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Useful resources for practitioners working with families
NHS Heath Scotland recently published a research report, Health and Parenting Information: meeting the needs of all parents commissioned from the Scottish Centre for Social Research (ScotCen).
The research comprised two components: (1) a rapid review of the literature, which explored the 'grey' and published literature on effective approaches to providing information support for parents, and (2) interviews with key informants with a national or more strategic role, and mini-workshops and interviews with front-line practitioners who provided locality-based support to parents in Highland, Edinburgh and Glasgow.
The study participants represented professionals working in a variety of services with parents from different family, social and economic circumstances and from urban and rural locations in Scotland. The parents they supported were from black and ethnic minority communities; young parents; parents under stress, fathers and families with experience of disability.
Parents need information about a wide range of topics; about their child's health, parenting, child-parent interaction, the wider family and about support services. They need such information, either on an ad-hoc or on a continuing basis.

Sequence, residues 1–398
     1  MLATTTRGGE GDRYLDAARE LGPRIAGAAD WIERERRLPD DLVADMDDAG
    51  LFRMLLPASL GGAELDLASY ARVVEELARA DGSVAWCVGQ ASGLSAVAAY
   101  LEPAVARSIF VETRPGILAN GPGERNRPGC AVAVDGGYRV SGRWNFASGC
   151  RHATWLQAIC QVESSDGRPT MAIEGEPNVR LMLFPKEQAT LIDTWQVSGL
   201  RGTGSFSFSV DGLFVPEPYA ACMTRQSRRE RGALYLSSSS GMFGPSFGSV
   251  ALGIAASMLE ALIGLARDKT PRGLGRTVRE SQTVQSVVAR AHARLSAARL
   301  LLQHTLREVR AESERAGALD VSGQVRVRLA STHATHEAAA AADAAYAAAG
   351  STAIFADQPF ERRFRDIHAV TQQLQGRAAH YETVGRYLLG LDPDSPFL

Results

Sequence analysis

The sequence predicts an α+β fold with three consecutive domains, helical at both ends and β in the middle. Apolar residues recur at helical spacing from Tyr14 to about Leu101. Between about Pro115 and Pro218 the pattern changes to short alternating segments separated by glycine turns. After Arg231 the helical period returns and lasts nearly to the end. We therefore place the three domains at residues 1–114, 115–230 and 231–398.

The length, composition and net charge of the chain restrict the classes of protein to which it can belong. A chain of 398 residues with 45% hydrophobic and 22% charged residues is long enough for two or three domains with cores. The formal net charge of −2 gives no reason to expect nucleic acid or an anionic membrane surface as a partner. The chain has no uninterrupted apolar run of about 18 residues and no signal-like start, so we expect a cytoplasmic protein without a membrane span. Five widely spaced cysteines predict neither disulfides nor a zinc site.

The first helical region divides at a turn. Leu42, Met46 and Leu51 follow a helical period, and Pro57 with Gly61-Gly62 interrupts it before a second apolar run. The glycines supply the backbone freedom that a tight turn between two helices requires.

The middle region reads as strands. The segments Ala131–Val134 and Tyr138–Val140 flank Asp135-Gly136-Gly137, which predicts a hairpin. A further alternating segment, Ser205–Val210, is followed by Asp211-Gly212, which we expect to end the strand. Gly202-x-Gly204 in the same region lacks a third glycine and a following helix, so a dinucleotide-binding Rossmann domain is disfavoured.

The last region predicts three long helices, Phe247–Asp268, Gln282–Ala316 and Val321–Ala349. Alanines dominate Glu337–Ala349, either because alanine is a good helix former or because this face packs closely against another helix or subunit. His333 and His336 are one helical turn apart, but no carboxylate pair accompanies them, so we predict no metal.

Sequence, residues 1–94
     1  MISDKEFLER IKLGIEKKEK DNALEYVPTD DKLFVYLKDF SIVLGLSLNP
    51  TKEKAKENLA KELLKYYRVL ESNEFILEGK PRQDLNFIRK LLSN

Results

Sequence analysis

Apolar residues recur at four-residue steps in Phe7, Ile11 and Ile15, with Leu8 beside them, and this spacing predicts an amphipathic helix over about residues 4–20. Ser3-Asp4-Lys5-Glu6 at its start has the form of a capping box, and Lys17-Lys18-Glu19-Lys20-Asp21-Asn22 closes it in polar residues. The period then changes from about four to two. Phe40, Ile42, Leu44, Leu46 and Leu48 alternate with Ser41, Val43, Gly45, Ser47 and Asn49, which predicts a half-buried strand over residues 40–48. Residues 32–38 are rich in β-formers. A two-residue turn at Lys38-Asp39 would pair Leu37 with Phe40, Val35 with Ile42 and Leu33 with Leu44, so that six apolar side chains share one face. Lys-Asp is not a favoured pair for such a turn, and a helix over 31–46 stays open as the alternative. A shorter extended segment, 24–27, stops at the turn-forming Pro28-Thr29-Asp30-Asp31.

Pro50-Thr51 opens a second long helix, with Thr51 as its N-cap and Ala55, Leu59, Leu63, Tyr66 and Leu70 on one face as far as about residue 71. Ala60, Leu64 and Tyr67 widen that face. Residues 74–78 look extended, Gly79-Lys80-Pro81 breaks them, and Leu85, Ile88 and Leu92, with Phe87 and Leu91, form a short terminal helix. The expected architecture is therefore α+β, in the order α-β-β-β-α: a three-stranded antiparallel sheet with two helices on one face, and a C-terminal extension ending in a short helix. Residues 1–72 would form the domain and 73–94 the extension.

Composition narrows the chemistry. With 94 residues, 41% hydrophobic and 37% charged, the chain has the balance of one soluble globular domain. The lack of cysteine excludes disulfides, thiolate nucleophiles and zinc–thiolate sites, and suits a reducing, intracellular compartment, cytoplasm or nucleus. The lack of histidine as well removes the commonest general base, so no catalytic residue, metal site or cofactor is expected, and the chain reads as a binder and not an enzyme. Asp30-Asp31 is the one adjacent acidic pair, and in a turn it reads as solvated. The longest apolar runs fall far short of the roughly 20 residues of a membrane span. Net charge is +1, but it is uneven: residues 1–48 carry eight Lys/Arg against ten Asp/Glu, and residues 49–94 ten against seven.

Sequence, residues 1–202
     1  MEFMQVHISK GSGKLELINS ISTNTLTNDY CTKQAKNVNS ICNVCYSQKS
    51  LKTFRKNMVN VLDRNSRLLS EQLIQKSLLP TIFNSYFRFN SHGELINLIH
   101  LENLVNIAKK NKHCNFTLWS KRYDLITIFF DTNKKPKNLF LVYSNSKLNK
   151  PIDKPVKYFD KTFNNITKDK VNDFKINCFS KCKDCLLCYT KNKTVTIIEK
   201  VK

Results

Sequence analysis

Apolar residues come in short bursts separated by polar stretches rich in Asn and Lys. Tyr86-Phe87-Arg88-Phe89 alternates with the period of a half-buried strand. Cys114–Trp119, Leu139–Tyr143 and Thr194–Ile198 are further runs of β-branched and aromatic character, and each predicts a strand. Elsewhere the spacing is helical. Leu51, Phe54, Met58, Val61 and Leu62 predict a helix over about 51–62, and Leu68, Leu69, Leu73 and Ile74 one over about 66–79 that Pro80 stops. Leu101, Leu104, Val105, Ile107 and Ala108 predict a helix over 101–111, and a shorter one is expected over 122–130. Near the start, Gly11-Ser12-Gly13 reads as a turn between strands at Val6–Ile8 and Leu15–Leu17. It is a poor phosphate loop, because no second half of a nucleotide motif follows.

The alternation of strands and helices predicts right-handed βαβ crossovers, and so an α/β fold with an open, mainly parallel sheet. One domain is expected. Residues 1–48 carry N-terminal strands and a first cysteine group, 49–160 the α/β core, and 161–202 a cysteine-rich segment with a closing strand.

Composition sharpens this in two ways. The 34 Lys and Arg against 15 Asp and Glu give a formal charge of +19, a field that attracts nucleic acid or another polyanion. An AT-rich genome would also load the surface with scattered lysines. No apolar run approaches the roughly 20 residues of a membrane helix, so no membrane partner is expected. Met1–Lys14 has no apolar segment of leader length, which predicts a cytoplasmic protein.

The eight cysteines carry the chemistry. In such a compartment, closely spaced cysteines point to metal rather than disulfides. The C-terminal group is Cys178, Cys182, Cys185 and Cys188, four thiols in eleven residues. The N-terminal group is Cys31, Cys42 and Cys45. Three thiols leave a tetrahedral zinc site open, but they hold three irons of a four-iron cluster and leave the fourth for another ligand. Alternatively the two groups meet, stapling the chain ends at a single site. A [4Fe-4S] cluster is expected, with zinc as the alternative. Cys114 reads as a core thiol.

Many find it hard to get information support because of a lack of services, poor signposting to services, a lack of specific resources to meet their needs, child protection or financial concerns and/or because they are afraid of being stigmatised as being "in need".
The study also found that:
As this research focused on the views of professionals/practitioners rather than on the views of parents themselves, further research with parents is needed to fully understand what information they need and how they can best get it, for example through different media and technologies. This research will be carried out in 2011.
Additionally, we need to consider how best to involve professionals who support parents' information needs so that they can respond in an appropriate and inclusive manner to those who seek information about their child's health and well-being.
Other articles published in our April 2011 newsletter:
Other articles about wellbeing: